"At most restaurants, you are served what you ask for so routinely that your eyes glaze over with boredom. Javelina does not fall into the trap of dull predictability. One night after I left, I realized the guacamole I’d ordered had never arrived; it’s not every restaurant that gives you something to think about on your way home. Meanwhile, people at the next table were presented with a dish they insisted they hadn’t asked for. “You didn’t order brisket?” the server asked, keeping up the playful spirit." Move over, Flavortown: NYT's Pete Wells reviews Javelina
Michelle Obama's painful discussion of America's racial inequality and deep misogyny exists, for many, on the same spectrum as [Saida] Grundy's blunt remarks about race, power and privilege. Where the first lady used her commencement speech at one of the nation's premier HBCUs to deliver a seminar on institutional racism and our nation's anti-black culture, Grundy's social media commentary dispensed with complexity to deliver screams, sometimes angry, other times humorous, that reflect equally important truths about contemporary race relations, black women's activism and the limits of freedom of expression in the 21st century.Peniel E. Joseph for The Root: What Happens to Black Women Who Boldly Speak Truth About Racial Inequality [more inside]
A writer, a hermit, and Oreo cookies: The strange and sad tale of Cole Waddell's first magazine story
The story: Penny Loafers and Alligator Belts by Cole Waddell
The story: Penny Loafers and Alligator Belts by Cole Waddell
I09 criticizes Simon Pegg's recent interview with The Radio Times where he 'Worries The Love Of Science Fiction Is Making Us "Childish"'. Pegg responds.
She had, however, uncovered what she insisted would be her last adult novel. And she had discovered something else: The '50s were not that boring; there were currents running through the time that intrigued her after all. "All of these things that were going on underneath that the children didn't know, now, as an adult, I can know," she said, and smiled with the power of it. "Or I can make it up."Judy Blume, the author you grew up with, whose books have consistently made the American Library Association's list of 100 Most Frequently Challenged Books and one of the most frequently censored authors in America, is about to publish a new novel for adults (NYT).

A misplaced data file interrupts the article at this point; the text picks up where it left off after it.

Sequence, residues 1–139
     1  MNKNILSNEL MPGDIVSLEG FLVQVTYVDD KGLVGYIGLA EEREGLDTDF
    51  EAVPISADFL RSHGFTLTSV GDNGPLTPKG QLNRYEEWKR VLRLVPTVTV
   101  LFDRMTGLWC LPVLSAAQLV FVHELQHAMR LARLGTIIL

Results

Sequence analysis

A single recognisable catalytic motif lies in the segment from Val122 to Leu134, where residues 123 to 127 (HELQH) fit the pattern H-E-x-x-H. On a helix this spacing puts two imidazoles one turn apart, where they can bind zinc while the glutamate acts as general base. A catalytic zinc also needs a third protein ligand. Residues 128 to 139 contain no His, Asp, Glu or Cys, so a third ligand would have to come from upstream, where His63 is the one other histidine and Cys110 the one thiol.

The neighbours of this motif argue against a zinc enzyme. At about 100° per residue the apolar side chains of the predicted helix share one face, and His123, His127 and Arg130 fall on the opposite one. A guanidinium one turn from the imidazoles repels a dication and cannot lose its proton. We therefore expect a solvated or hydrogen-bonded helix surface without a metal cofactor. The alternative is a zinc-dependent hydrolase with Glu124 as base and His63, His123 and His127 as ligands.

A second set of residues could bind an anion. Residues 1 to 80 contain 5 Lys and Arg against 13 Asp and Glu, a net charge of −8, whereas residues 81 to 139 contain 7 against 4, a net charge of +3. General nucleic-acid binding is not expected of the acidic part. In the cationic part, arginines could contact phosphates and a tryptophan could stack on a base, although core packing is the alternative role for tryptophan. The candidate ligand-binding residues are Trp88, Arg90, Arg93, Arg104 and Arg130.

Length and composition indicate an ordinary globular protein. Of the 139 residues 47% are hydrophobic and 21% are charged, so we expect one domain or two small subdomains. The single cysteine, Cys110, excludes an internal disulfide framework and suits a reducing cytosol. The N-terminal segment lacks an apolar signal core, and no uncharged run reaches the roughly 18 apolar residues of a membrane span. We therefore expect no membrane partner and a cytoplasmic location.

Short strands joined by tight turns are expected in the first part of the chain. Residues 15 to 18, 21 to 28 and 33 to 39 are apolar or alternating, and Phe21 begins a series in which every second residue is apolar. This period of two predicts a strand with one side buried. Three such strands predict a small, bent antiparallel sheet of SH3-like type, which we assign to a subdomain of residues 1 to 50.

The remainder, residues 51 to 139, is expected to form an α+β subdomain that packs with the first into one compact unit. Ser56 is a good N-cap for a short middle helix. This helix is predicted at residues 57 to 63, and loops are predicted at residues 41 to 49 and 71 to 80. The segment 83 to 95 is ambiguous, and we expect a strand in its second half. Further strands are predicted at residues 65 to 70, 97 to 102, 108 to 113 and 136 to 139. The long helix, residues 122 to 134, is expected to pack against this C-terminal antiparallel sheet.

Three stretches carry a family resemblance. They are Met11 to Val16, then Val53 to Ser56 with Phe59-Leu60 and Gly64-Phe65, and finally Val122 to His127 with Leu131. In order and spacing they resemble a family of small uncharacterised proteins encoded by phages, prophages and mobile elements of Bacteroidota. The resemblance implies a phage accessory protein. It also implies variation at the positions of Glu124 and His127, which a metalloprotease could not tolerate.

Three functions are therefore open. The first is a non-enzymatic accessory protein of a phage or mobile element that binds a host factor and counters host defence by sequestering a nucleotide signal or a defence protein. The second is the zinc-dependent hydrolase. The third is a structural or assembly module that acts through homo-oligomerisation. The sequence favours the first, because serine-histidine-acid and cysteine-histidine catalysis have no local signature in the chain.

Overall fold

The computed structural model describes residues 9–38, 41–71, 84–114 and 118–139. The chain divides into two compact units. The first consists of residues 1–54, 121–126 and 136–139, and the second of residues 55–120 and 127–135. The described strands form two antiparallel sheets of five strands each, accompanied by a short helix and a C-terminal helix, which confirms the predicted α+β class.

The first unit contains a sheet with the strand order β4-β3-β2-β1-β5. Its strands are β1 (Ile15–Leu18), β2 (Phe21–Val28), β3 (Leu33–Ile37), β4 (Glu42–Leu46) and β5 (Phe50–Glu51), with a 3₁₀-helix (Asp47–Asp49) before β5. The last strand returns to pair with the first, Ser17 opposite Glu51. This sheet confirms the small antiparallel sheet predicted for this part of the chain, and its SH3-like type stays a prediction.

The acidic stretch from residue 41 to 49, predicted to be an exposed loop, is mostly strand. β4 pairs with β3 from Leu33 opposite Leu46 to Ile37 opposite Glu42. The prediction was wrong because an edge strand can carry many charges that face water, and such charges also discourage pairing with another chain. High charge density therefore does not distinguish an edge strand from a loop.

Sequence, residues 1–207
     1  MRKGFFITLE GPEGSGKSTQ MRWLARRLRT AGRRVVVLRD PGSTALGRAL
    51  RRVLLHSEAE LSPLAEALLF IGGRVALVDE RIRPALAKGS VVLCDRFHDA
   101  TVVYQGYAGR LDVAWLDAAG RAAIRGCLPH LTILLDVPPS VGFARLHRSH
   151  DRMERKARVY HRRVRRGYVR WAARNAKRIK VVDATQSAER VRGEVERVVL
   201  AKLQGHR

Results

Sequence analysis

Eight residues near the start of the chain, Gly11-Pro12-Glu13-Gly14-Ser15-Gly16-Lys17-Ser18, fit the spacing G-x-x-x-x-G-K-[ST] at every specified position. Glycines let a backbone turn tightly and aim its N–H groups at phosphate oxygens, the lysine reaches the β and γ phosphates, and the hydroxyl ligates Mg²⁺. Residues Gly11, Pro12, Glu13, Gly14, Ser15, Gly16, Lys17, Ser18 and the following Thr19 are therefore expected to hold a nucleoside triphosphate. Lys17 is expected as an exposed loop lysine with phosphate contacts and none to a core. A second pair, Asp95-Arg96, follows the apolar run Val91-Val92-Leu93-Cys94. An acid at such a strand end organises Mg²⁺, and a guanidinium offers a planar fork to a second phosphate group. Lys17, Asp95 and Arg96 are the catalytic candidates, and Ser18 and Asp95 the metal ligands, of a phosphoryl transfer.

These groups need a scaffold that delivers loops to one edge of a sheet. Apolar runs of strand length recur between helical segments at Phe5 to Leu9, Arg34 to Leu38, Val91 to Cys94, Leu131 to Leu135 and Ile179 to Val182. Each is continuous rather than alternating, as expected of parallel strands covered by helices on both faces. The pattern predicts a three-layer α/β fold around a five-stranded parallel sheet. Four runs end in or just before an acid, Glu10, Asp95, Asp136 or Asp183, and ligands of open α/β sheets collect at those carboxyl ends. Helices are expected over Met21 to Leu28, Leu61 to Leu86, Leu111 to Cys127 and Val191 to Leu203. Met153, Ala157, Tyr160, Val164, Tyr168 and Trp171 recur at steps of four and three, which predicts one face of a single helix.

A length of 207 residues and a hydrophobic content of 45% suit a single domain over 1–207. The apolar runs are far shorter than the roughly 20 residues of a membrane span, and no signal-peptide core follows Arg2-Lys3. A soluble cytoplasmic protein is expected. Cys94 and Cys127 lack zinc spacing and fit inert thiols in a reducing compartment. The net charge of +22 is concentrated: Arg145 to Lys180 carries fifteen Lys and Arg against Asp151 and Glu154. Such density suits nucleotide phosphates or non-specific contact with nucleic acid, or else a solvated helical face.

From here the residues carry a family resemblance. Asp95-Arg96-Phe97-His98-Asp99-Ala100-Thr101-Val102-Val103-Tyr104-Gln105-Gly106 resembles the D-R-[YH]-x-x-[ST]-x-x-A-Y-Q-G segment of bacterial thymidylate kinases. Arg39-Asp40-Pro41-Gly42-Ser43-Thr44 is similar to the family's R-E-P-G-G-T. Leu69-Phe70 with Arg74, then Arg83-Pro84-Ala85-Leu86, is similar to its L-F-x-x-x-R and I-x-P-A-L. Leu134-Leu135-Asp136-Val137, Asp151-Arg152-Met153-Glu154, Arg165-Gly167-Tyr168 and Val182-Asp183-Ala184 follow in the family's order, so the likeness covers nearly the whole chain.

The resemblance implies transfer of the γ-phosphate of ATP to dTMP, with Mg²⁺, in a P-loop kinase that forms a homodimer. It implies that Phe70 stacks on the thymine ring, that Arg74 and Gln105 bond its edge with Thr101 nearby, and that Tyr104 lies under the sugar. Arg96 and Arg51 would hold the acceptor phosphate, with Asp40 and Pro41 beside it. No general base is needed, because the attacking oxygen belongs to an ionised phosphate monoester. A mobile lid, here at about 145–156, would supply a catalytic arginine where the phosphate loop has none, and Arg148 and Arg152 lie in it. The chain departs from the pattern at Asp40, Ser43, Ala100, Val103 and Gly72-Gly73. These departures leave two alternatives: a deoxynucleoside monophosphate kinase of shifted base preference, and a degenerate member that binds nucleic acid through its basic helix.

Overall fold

"But what if you cut out all the cars taking a detour for the gas station versus one truck going directly to each car?" A new startup that, for a $7 surcharge, sends a tanker truck to your car to fill it with gas saving you the trouble of having to drive your car to a gas station.
Yisrael Mizrachi, a 28-year-old Sephardic Jew, runs a book store in Brooklyn through which the written flotsam of Jewish history flows. His mission is to hunt the rare and obscure. However, his store serves all, including the casual lovers of stories as well as seekers of pieces of their family's past.
Raimondi had recently found himself undergoing an unexpected and not entirely desirable career shift: He had been thrust into the role of sea star detective. Though he is a marine biologist who divides his time between analyzing data and conducting research trips along the Pacific Coast, Raimondi is not entirely ill suited to the part. There is a private-investigator quality to his round, inquiring face, active eyes, and urgent, impatient voice.
He had been found dead at his flat some three weeks earlier. And the family only found out because a slightly dodgy looking genealogy company got my stepson's address wrong. Bear in mind as well that the approach this company took to telling my stepson his father had died was through hinting that he was going to be quids in.Jamie K. on the reality of austerity in the UK: when the first notification of the death of a family member comes not from the police or the coroners office but through a form letter of a company wanting to sell the illusion of a big inheritance payout.
With the release of a new trailer for True Detective Season 2, and an accompanying Q&A in Medium, Nic Pizzolatto dispels earlier speculation that Pynchon's The Crying Of Lot 49 would serve as an inspiration for the upcoming series. This speculation (or diversionary online discussion forum tactic?) was discussed here previously.